Oxford sustainable laundry wins global best practice award


An Oxford business which is disrupting the laundry industry (presumably as much as the laundry it puts in a washing machine), has won a global best practice award.

OxWash, founded in 2017 to offer more sustainable laundry services to university students, and which supported NHS workers in the thick of the current Coronavirus epidemic, won the award from Cinet (Comité International De L`Entretien du Textile), the international organisation for the global professional textile care industry.

OxWash was founded by for NASA scientist, Dr Kyle Grant, born out of frustration from the perpetually broken washing machine in his college laundry.

With just a bike and a backpack, Kyle collected and washed clothes for fellow students, and the business grew fast.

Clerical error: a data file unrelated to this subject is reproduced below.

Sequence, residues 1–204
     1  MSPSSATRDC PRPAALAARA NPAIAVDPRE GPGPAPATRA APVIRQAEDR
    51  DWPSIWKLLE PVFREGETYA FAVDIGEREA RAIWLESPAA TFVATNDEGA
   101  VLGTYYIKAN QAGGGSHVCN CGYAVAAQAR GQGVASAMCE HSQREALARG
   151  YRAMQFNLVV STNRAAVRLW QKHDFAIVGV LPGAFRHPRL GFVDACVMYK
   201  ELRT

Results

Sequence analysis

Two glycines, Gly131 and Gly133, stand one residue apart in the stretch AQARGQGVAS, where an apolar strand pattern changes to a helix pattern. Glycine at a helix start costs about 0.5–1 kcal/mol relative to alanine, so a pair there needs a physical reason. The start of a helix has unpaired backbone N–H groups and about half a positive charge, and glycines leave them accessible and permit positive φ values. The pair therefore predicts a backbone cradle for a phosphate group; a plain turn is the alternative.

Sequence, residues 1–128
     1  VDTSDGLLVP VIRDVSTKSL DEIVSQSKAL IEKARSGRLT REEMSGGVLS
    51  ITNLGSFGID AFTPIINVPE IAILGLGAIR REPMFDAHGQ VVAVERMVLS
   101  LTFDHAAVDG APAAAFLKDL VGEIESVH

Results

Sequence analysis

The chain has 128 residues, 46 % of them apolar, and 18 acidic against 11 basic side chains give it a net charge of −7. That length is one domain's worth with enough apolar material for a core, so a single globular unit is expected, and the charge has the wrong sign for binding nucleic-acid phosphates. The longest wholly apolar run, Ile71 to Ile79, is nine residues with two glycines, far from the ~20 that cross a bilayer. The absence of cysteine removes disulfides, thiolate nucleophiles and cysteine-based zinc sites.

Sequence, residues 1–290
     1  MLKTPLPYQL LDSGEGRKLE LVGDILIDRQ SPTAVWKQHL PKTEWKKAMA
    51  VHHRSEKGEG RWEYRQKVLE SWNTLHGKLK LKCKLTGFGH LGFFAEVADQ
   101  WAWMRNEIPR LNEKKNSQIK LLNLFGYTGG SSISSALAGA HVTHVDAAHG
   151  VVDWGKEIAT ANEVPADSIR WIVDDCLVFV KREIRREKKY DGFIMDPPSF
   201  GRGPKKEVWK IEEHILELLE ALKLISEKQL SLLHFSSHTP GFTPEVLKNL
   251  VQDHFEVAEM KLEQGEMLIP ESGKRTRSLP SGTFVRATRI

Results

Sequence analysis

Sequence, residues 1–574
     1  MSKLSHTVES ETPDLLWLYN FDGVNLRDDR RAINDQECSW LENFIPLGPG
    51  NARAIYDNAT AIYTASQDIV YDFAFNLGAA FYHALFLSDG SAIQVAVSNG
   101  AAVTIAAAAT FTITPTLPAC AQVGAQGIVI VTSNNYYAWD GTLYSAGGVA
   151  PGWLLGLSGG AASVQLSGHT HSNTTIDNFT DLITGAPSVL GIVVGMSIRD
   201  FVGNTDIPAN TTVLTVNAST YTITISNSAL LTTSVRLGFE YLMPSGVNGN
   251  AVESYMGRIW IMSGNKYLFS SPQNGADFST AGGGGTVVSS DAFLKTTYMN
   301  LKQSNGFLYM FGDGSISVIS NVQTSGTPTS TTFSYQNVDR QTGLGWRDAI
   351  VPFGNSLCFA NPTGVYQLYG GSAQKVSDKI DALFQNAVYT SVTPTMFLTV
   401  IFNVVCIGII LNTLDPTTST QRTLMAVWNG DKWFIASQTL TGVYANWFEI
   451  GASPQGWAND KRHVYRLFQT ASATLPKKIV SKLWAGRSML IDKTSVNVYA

The laundry’s aim is to achieve zero net carbon emissions for the whole process, including collection and delivery. This has never yet been achieved anywhere in the world.

The company said: “Oxwash is the world’s first truly sustainable laundry company, and this award proves that our processes are world-class. Our environmental credentials span across our whole process end-to-end, ensuring that we are doing the most we can for the planet at every stage. Founded by engineers, we have a holistic approach to the laundry service model heavily inspired by life support systems engineering in NASA spacecraft. Every inch of the process is interrogated to ensure a truly sustainable service to our customers.”

Traditional laundries, and even domestic washers and dryers are renowned for high energy usage. Oxwash uses solar panels and other renewable energy to power its washing machines. The company also recycles the water it uses and uses microfiber filtration systems to prevent plastic pollution.

Earlier this year OxWash secured £1.4 million investment from TrueSight Ventures, Biz Stone (co-founder of Twitter), Paul Forster (founder of Indeed.com), Founders Factory and other angel investors.

The company has now launched in London, following expanding earlier this year into Cambridge from it Oxford base.